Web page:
Town Docks 1 Town Docks entry: Located directly on Lake Winnipesaukee customers are invited to take the M/S Mount Washington to Meredith and dine at the restaurant. (Courtesy photo)

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Rail and Sail

Copy of Winnipesaukee Scenic Railroad 2014 Maiden Cove

 

 

The Hobo Railroad train was once connected with Boston, Maine and Montreal. Those aboard can experience a view of the lake and a learn about the railroads history.

By ALANA PERSSON, LACONIA DAILY SUN

MEREDITH — Entering into its fourth summer, the M/S Mount Washington and the Winnipesaukee Scenic Railroad have partnered together to provide lake enthusiasts with the ultimate land and lake experience. The Rail and Sail package is available beginning on Saturday, June 24, at 10:30 a.m. out of the Meredith Station located at 154 Main St.

The Rail and Sail package aims to provide lake goers with an all-day tour of Lake Winnipesaukee. Beginning on shore, guests can get aboard the historical Winnipesaukee Scenic Railroad for a lakeshore tour. Travelling just along the edge of the water, guests receive an unobstructed view of the lake, mountains and surrounding nature that cannot be achieved by car.

The train tour commences along the boardwalk of the Weirs Beach, where passengers can visit the many shops, gift stores, and attractions the pier has to offer. Following the short break in the Weirs, passengers are then invited to get aboard the famous M/S Mount Washington for a two-and-a-half-hour scenic cruise of the lake.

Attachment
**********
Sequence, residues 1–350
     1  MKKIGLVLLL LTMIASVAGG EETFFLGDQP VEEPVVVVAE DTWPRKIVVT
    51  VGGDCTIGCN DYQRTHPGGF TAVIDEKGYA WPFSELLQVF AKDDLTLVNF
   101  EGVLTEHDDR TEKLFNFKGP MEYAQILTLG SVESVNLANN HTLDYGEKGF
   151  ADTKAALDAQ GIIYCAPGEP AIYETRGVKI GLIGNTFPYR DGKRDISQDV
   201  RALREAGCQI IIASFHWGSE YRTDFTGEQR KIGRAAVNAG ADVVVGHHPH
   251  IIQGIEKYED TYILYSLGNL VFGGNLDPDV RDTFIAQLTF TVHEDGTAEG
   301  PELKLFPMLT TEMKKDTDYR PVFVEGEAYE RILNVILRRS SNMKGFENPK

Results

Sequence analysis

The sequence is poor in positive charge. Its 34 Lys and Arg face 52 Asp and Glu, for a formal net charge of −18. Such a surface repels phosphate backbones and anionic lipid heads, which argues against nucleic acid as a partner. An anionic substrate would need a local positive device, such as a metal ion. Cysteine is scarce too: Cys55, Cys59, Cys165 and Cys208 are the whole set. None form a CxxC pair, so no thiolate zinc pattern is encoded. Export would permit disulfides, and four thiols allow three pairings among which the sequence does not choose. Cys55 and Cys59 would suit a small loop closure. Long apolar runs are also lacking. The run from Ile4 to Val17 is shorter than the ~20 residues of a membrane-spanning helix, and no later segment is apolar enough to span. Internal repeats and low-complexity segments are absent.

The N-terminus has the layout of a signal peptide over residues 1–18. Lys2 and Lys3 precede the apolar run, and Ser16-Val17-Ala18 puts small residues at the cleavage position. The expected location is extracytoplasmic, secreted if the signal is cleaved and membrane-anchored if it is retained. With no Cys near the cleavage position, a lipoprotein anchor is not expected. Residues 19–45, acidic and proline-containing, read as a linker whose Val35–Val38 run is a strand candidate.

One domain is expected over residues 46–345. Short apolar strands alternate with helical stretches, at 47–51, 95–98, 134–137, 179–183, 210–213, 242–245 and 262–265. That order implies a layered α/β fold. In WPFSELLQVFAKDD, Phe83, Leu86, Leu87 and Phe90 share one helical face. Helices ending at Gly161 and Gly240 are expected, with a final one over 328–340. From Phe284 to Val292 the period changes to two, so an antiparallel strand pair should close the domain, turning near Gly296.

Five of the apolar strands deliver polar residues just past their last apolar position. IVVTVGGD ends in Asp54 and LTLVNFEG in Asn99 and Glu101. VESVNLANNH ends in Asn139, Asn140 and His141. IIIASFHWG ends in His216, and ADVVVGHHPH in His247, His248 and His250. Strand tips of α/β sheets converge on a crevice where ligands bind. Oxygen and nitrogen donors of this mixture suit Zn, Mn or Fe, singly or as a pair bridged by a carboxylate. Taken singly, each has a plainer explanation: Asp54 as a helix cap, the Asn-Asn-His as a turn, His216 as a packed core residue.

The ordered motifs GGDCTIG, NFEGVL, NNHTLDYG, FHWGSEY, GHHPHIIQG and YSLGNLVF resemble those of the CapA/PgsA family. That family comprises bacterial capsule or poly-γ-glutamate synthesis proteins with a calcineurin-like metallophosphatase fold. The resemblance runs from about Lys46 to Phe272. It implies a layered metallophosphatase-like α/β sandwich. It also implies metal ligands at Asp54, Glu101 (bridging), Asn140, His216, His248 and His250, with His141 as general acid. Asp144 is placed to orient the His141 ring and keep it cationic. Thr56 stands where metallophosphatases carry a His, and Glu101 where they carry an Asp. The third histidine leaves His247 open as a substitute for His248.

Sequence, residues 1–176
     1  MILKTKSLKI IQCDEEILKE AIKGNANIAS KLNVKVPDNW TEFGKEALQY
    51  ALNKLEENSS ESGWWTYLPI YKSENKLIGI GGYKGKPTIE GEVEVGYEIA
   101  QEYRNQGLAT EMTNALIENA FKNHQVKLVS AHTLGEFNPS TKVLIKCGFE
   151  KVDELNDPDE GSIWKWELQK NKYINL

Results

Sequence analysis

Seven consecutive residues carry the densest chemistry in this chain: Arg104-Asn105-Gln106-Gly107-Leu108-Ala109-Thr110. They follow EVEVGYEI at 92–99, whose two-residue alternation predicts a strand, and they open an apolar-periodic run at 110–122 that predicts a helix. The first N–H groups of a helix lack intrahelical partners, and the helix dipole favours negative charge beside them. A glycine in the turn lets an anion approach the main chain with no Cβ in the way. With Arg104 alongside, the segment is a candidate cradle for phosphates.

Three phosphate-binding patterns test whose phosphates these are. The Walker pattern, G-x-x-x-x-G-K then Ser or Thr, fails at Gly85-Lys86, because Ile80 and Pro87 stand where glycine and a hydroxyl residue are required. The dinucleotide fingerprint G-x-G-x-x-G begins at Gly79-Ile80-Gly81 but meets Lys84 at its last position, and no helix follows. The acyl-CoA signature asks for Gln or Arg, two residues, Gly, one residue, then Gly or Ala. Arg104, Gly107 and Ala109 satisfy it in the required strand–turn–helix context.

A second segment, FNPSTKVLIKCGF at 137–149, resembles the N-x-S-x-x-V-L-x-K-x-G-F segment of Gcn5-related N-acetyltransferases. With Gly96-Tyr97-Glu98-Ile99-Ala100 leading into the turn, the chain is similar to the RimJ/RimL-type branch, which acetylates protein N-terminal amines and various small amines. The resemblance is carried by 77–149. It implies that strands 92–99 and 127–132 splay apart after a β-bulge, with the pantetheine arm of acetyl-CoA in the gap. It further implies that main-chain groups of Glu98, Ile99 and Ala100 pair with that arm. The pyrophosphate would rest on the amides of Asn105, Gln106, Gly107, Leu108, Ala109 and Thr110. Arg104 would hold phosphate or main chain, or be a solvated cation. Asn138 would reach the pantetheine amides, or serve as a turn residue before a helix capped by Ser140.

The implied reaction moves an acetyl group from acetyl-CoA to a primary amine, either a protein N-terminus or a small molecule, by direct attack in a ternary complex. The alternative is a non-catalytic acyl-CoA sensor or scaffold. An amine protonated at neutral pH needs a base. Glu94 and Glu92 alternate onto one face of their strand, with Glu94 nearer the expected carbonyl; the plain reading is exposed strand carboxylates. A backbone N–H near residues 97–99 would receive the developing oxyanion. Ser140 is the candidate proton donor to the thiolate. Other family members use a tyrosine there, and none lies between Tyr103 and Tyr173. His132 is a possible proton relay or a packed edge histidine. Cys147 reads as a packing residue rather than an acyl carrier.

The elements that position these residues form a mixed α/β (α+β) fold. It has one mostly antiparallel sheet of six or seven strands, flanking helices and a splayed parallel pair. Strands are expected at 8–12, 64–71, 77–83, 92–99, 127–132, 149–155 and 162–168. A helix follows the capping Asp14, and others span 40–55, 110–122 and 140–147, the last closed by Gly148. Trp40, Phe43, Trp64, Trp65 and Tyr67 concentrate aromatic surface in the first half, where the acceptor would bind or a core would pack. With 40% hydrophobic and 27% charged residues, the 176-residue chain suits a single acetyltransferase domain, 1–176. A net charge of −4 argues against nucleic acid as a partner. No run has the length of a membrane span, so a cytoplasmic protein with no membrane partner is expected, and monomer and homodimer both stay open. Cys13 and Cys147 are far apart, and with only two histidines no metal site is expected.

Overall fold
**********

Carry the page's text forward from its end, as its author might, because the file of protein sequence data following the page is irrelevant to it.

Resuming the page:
“It’s turned out to be a very good product, and has become one of the best ways to see the lake,” said Paul Giblin, Director of Marketing and Business Development for Winnipesaukee Scenic Railroads. “It’s really great to partner on something like that. Some refer to it as the ultimate tour of Lake Win.”

The Rail and Sail combo package may be new to this generation of tourists, but the idea for the product stemmed from historical roots back in the 1800s. Giblin said that originally the the railroad line used to be linked with Boston and Maine, and the company owning this railroad also owned the M/S Mount Washington. This initial partnership drew people in from all over the country to view the lake by both railroad and boat, as they initially came as a package deal.

The resurrection of the Rail and Sail package has surpassed all expectations, according to Giblin. Relying mainly on social media promotions and word of mouth, the package has already attracted people from all of the country and is expected to reach a wider audience with each season.

“The fact that over 100 years later with the boat and the train working together again is a neat return of what it used to be,” said Giblin.

Tickets are $44.95 for adults and $34.95 for children. Lunch is not included, but can be purchased on either the train or boat.

Reservations for the Rail and Sail package can be made by calling 603-745-2135 or by visiting www.HoboRR.com. Those who want to purchase a ticket on the day of the trip are encouraged to come to the Meredith Station office at 10 a.m., as to ensure a seat on the 10:30 a.m. train ride.

 

2014 MS Mount Washington Cruise Boat

The M/S Mount Washington provides an on-board restaurant and bar, which is open during the duration of the ride. Sail & Rail passengers can purchase lunch on the boat during the excursion. (Courtesy photo)

 

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'Gruff' love – Sandwich Aquatic School splashes back into action